Best of the Scenic Rim: a Brisbane to Stanthorpe road trip

A person is dwarfed by a seemingly teetering boulder near a sheer rock face in Girraween National Park, Queensland

In search of the good life in all its forms, Chris and Sarah go an adventure that includes epic hikes but also the chance to kick back and relax with a nice glass of red.

It’s true that Chris and I love to go hiking. It’s a passion of ours that also lets us indulge another one: food and wine. Once we’ve picked up our Apex rental car at Brisbane Airport, we’re heading inland to Stanthorpe. Along the way and when we arrive, there’s enough natural beauty and fermented grapes to keep us busy for four days. Although I’m sure you could stretch out a trip here for much longer than that.

High Hopes: Brisbane to Beechmont

Looking straight up into the lush canopy of a rainforest at Tamborine National Park, Queensland

There’s a bit of freeway to conquer but we’re soon at Tamborine National Park, where we plan to take on the Sandy Creek Circuit. I know this part of the world fairly well, having grown up in Brisbane, but it’s a new hike for me. Chris and I trek beneath the canopy of towering rainforest trees and follow the path all the way to the Cameron Falls lookout. This is where the big payoff appears before our eyes. The views from this high up stretch right across the valley and over Brisbane’s southern suburbs.

Back on the road we head towards Canungra, part of the Gold Coast hinterland but also on the eastern edge of the Scenic Rim. This part of the country was once a volcanic hotspot and you can see it in the landscape. Here, the rainforest is abundant. When we head further west, we’ll start to see the bounty of those rich soils. Bring on the fine food and wine. But first we get ourselves moving with a stroll along Canungra Creek, where the lush surrounds are hugely attractive to birds. There are long-legged waders near the water’s edge and king parrots screeching in the trees above. We’re only half a day into our trip, but already relaxation is taking over. How could it not when you’re surrounded by the sounds of nature?

Scenic Brim: Beechmont to Rathdowney

Aerial view of a car driving along a dirt road towards Mount Barney, its peak lit by the sun, Scenic Rim, Queensland

Anyone who knows Chris and I is aware of our love for cheese, and somehow we’ve managed to co-ordinate this trip with the first Saturday of the month, which is when Towri Sheep Cheeses opens the dairy gates to interested guests. After the sheep are milked, you can feed the lambs, taste the semi-hard cheese and ‘ewegurt’, and grab a cheese platter. This is the only dairy using sheep milk in Queensland, and it’s part of the Scenic Rim Farm Gate Trail where visitors can see where all sorts of produce – veggies, honey, olives, garlic, mushrooms and even camels – is grown.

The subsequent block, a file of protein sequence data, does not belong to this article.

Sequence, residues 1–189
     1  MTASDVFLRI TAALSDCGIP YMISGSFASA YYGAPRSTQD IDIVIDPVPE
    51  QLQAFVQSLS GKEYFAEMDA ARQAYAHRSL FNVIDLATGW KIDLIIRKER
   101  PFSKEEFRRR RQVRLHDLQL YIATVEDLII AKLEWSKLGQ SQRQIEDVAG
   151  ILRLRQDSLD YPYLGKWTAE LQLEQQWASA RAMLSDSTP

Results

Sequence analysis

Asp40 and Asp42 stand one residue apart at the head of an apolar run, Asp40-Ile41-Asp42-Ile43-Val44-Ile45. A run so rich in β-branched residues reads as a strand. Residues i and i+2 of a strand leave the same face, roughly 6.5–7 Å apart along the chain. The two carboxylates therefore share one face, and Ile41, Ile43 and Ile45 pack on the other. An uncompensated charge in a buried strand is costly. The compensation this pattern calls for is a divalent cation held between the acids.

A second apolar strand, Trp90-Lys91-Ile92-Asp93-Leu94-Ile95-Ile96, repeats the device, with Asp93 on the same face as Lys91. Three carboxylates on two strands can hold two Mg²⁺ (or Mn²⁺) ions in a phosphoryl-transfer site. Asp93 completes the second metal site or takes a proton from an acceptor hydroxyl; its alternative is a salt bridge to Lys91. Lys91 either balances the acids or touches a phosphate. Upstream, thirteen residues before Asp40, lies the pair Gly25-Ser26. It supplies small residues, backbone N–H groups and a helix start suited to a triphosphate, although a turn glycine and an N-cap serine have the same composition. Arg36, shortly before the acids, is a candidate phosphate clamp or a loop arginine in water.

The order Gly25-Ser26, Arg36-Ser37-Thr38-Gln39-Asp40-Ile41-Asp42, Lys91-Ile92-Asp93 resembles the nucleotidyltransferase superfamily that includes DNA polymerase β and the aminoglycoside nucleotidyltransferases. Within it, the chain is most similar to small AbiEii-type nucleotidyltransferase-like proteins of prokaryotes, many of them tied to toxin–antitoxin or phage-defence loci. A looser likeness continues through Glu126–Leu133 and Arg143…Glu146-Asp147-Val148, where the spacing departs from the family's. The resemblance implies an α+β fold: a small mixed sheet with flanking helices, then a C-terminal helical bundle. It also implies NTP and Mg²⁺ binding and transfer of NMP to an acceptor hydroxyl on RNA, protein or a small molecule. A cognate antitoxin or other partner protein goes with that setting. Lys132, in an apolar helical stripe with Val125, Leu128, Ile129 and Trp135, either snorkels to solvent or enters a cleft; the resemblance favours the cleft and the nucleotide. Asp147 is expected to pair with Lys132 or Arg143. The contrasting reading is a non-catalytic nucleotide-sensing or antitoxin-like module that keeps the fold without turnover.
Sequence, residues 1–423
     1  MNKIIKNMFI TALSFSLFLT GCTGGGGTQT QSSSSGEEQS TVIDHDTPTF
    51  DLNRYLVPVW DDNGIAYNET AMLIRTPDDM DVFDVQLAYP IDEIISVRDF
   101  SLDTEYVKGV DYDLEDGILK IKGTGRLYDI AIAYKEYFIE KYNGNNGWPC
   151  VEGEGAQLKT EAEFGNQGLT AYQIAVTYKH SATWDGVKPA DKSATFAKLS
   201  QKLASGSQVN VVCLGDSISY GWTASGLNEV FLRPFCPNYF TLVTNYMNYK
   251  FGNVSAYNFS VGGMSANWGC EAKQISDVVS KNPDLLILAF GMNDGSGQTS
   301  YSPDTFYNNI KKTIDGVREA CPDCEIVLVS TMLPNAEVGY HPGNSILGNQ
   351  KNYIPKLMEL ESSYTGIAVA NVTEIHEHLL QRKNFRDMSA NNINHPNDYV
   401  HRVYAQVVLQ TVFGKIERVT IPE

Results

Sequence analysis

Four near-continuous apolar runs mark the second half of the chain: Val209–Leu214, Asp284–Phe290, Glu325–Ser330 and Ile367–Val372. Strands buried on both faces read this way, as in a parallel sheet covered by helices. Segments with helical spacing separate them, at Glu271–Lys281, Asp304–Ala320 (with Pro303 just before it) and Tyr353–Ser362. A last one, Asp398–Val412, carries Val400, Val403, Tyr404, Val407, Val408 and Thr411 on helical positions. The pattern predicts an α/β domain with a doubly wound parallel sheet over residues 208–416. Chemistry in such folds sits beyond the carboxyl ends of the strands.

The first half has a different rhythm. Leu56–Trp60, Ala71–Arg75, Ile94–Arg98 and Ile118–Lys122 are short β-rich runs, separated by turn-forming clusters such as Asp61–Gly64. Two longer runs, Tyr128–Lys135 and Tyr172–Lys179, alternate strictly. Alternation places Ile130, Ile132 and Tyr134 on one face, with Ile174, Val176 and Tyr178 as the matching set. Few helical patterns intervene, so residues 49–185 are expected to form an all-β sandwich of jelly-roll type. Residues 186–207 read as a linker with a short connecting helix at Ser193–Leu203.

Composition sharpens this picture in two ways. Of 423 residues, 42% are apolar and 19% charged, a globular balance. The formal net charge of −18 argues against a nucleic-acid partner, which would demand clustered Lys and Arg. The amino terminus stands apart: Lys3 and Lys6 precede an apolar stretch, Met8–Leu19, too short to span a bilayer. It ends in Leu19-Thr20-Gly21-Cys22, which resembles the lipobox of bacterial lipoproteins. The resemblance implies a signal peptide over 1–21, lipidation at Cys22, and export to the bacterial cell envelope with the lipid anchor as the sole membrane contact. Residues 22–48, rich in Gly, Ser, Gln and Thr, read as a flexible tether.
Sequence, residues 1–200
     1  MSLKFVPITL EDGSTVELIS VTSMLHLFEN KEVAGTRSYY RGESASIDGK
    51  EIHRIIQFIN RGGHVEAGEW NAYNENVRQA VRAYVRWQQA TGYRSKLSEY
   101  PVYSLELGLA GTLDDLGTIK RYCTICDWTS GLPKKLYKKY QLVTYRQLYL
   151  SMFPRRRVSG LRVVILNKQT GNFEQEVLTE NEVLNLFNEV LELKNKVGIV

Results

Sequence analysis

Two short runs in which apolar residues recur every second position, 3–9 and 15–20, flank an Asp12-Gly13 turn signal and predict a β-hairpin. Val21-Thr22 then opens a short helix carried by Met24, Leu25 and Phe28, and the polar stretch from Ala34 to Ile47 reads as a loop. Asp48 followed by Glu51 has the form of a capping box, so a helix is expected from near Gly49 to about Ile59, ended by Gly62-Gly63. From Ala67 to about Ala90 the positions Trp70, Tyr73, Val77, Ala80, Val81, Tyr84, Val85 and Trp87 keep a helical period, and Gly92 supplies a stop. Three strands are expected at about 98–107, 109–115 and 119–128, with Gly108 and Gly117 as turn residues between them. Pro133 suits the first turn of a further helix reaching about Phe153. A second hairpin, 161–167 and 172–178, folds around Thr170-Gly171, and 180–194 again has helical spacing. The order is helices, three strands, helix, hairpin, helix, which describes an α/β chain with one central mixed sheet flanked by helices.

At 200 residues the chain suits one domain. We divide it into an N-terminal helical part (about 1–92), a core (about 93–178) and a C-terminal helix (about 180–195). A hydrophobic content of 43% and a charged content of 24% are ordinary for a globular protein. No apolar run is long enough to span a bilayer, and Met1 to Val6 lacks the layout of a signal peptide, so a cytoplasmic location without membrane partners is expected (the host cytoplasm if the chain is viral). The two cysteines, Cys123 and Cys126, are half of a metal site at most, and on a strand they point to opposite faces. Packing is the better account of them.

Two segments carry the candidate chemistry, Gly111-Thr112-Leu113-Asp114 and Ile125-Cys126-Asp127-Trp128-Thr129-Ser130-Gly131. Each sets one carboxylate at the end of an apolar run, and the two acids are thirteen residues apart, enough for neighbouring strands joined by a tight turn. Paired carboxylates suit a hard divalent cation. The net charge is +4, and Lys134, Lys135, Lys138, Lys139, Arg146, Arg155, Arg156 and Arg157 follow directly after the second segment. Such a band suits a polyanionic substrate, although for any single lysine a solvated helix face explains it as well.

We’re keen to see if there are more places we can visit, but there is another walk to conquer and we need to give ourselves all afternoon to do it.

As we’re getting ready to take on the Lower Portals track in Mount Barney National Park, Chris reminds me to put my swimmers in my day pack. Like many of the hikes we’ve done, especially in southeast Queensland, this one is not easy. Starting near the base of Mount Barney, it takes some creek crossings and steep rises to conquer this 7.4 kilometre walk. It’s quite a warm day, so we take our shoes off and soak our feet at one of the crossings then strip off when we come to the glorious swimming hole. It sits in a gap between two almost sheer rock faces and is blissfully isolated when we arrive. Once I’ve got used to the chill of the water – something tells me it never gets warm no matter the time of year – I feel as though I could float on my back here forever. Talk about a natural high.

Pedal Power: Rathdowney to Stanthorpe

Lake Maroon in the centre of a bushland setting with mountains and farm buildings in the distance, Queensland

While I like to float, Chris likes to use one. Or a sinker depending on conditions. An early start takes us to Lake Maroon, which is known for bass. Unfortunately this is a fish best caught on a fly, which is not a skill either of us has mastered. We find a spot near the recreational area and give it our best shot while wishing we had a boat. Chris manages to snag one undersized specimen casting near some weed, but we toss it back to grow and hopefully make another fisherman happy when it’s a bit older.

While he’d happily try his luck at the lake all day, I’ve got a more fruitful plan. I’ve hired wheels from Granite Belt Bicycle Tours so we can follow the Stanthorpe to Ballandean Bike Trail. It’s just over 30 kilometres, but along the way we stop at Savina Lane Wines for a tasting then pedal onwards to Jester Hill, where we take in the views and an antipasto platter along with a glass of Secco Rosato. All in all, it’s the perfect way to round off our Stanthorpe road trip – a leisurely ride through the countryside, topping up our glasses along the way and enjoying the best of this impressive region.